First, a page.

So, if the circumstances were different and someone with a knife was approaching me, would the same jury consider I acted with premeditation by One, removing my firearm from its holster, Two, thumbing off the safety, Three, assuming a proper grip, Four, bringing the firearm up and lining up the sights, Five, pulling the trigger? All with the understanding that you’re merely trying to stop the guy with the knife, not kill him?

I’m not saying their decision was wrong… but their using the proper steps to deploy a firearm as proof you had premeditated intent to kill someone is wrongheaded.

    Walker Evans in reply to Sanddog. | February 17, 2015 at 11:22 am

    My thoughts exactly. The steps noted are nothing more nor less than those necessary to retrieve a gun stowed in the glove box if you find yourself in extremis. I’m no lawyer but this seems like a reversible decision on its face.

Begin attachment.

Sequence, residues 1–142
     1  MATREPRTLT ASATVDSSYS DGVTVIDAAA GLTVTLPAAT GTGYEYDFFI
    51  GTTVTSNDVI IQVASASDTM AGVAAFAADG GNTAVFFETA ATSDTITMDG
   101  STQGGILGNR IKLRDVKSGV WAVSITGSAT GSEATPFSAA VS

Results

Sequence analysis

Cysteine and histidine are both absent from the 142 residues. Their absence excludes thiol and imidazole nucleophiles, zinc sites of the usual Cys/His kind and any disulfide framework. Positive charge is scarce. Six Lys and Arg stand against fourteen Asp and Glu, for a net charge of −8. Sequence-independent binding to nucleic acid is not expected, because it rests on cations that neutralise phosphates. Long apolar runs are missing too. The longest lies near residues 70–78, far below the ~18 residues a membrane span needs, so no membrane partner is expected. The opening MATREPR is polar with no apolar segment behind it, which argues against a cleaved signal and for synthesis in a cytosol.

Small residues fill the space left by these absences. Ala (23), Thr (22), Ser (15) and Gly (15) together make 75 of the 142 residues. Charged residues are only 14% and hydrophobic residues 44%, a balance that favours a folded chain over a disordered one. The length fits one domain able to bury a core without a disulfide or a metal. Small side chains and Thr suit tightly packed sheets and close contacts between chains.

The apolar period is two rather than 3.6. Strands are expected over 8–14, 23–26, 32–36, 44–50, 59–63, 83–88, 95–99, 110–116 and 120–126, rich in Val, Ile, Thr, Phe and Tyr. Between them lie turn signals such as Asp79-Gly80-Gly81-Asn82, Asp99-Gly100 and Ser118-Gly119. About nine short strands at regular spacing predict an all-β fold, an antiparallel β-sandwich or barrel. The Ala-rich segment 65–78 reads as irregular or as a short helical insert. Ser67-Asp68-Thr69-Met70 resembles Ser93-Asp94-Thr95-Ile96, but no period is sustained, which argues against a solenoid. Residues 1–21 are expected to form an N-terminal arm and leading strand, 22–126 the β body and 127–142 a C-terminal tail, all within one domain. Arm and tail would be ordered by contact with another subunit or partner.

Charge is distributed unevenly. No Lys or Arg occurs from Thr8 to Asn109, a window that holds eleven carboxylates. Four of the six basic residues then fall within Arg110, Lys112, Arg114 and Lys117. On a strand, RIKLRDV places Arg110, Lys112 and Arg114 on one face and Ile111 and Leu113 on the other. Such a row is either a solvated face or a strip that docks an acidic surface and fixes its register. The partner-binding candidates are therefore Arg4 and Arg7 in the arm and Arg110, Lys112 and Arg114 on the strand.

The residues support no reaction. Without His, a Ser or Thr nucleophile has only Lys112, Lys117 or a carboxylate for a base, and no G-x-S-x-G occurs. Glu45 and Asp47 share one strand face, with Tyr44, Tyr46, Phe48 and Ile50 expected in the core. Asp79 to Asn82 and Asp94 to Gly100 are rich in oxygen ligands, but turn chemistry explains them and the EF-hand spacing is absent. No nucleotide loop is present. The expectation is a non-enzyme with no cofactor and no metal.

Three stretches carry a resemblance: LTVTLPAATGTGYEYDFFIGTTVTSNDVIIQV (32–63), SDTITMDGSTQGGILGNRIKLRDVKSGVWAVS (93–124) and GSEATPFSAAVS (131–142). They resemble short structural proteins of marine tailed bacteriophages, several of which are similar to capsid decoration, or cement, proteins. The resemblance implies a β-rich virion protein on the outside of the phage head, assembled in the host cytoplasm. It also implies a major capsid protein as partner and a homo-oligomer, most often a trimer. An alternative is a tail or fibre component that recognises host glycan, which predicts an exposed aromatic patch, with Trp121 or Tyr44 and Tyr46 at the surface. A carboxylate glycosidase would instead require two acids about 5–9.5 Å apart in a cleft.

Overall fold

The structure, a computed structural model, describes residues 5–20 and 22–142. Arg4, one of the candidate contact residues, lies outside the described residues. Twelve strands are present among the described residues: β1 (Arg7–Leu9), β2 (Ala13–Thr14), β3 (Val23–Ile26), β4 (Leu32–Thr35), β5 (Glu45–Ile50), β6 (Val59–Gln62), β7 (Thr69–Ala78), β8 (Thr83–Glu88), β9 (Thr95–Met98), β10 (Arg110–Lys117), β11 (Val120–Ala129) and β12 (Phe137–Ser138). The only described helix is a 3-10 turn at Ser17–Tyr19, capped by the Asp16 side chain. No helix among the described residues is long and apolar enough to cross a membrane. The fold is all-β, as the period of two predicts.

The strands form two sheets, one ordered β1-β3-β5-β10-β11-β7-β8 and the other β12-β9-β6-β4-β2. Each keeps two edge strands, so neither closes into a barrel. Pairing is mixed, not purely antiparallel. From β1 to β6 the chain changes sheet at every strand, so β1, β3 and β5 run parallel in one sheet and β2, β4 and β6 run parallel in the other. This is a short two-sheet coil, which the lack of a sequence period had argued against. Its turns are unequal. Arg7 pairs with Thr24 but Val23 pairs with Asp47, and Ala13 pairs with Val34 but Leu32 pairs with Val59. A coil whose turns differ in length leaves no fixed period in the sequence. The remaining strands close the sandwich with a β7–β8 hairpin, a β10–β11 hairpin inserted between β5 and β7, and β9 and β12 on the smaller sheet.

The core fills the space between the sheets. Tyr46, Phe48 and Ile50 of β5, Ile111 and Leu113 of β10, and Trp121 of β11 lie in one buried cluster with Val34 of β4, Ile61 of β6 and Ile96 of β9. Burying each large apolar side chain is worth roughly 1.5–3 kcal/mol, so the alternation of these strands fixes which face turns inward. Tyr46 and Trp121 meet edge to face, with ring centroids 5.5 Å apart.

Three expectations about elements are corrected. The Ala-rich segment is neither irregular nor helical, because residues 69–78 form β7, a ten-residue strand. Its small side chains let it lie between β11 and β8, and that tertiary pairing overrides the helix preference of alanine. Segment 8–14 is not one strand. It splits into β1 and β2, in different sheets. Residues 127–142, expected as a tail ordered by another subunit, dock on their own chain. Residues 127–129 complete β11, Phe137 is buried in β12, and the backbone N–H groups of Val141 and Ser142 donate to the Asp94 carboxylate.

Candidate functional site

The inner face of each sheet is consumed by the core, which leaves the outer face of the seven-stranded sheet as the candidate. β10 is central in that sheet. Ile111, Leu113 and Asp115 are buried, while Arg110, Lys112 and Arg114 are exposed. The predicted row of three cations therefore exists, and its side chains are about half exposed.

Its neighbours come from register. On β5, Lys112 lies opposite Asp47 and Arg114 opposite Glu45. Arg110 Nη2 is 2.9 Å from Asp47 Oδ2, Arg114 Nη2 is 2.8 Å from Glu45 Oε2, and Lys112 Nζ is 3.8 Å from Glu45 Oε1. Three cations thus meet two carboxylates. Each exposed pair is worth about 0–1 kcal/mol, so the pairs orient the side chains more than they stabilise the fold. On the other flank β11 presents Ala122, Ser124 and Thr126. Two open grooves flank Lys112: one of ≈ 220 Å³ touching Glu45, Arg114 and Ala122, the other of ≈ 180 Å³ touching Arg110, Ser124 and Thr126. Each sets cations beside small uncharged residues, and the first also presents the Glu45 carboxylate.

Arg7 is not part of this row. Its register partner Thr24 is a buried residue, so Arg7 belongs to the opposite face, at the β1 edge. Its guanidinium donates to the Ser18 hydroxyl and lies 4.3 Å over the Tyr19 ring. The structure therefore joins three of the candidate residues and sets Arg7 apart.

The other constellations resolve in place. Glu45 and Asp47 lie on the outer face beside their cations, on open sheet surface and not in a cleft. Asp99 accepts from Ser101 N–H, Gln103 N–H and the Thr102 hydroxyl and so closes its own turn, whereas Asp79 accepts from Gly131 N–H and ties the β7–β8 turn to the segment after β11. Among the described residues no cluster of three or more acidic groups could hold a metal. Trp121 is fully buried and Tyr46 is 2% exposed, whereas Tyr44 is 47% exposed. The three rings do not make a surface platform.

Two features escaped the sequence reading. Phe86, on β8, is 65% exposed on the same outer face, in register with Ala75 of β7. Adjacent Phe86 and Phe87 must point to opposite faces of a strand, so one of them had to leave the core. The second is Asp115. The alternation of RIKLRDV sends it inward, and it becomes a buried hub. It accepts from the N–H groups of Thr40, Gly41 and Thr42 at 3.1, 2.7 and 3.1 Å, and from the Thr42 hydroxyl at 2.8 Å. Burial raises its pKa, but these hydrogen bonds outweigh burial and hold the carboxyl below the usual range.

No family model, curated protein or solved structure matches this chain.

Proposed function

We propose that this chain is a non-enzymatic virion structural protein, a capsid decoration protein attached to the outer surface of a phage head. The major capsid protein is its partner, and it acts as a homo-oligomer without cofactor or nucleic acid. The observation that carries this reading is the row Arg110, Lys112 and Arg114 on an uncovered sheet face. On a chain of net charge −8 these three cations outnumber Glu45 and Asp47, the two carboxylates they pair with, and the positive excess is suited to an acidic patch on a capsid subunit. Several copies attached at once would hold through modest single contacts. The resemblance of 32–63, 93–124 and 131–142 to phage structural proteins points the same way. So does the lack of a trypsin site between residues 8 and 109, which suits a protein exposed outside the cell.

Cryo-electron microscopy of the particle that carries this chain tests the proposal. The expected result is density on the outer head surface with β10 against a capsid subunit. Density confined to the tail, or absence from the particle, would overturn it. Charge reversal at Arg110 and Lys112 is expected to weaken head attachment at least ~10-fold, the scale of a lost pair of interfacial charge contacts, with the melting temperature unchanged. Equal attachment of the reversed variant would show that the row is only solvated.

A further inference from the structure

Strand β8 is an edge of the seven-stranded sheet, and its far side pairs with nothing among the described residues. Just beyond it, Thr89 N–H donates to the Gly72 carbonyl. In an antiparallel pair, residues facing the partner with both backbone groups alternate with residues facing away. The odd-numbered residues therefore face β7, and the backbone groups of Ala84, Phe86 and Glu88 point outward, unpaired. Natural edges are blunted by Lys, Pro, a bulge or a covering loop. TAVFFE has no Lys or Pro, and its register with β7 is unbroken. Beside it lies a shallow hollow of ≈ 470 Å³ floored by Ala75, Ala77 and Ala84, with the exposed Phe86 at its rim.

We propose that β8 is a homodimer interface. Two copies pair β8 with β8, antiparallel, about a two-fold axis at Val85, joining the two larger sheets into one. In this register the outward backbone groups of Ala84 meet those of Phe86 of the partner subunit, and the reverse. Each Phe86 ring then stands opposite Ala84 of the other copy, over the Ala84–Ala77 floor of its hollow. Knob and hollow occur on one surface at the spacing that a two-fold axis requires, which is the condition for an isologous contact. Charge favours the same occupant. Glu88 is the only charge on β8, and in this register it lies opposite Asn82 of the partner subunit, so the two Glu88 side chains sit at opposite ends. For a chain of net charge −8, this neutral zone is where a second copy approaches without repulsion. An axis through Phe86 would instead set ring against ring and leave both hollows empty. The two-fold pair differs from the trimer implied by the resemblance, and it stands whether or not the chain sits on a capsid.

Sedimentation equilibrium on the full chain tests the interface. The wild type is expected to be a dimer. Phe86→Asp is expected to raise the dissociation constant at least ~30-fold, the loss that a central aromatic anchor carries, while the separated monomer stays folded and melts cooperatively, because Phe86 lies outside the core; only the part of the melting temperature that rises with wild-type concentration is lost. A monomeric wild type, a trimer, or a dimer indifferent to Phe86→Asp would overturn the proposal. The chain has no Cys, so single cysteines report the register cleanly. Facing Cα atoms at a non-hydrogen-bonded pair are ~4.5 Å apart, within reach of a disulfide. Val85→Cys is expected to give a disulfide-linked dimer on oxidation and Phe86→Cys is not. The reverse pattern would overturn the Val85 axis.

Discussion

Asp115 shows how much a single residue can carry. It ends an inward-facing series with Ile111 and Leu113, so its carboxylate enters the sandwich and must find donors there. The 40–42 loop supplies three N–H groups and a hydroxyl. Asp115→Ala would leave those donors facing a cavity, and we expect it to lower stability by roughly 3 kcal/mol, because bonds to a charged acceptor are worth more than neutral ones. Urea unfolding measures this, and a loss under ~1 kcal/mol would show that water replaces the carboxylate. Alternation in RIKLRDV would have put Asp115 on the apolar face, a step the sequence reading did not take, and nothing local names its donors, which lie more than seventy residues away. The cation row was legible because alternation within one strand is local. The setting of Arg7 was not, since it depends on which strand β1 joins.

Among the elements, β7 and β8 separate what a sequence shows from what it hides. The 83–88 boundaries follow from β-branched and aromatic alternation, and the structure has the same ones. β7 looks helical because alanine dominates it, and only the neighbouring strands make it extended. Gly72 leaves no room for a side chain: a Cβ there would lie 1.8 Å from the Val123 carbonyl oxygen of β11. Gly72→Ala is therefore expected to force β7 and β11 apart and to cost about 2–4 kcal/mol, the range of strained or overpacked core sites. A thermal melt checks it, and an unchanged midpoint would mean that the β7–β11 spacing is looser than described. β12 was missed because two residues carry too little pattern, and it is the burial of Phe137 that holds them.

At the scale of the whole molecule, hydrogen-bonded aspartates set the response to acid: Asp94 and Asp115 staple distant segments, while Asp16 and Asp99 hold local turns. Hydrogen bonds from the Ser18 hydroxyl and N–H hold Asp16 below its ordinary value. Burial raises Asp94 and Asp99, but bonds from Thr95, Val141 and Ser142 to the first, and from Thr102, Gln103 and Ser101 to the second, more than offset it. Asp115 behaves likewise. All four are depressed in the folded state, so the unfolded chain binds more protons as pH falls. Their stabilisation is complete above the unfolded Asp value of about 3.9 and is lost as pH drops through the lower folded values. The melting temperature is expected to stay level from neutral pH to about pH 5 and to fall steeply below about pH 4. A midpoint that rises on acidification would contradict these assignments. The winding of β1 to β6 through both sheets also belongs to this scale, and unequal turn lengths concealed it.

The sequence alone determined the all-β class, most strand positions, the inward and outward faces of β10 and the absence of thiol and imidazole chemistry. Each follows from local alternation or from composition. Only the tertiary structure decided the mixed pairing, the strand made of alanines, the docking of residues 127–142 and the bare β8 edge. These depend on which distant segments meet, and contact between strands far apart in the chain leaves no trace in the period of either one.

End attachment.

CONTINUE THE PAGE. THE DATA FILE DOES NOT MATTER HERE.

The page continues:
sequester in reply to Sanddog. | February 17, 2015 at 12:32 pm

    In general, when you raise the affirmative defense of “self-defense” in a homicide you must admit to knowingly killing someone to save yourself or another from death or grave bodily harm. So yes, you are in most cases admitting to pre-meditation.

      Sequester’s got it right. Here’s an update I just added to the end of the post: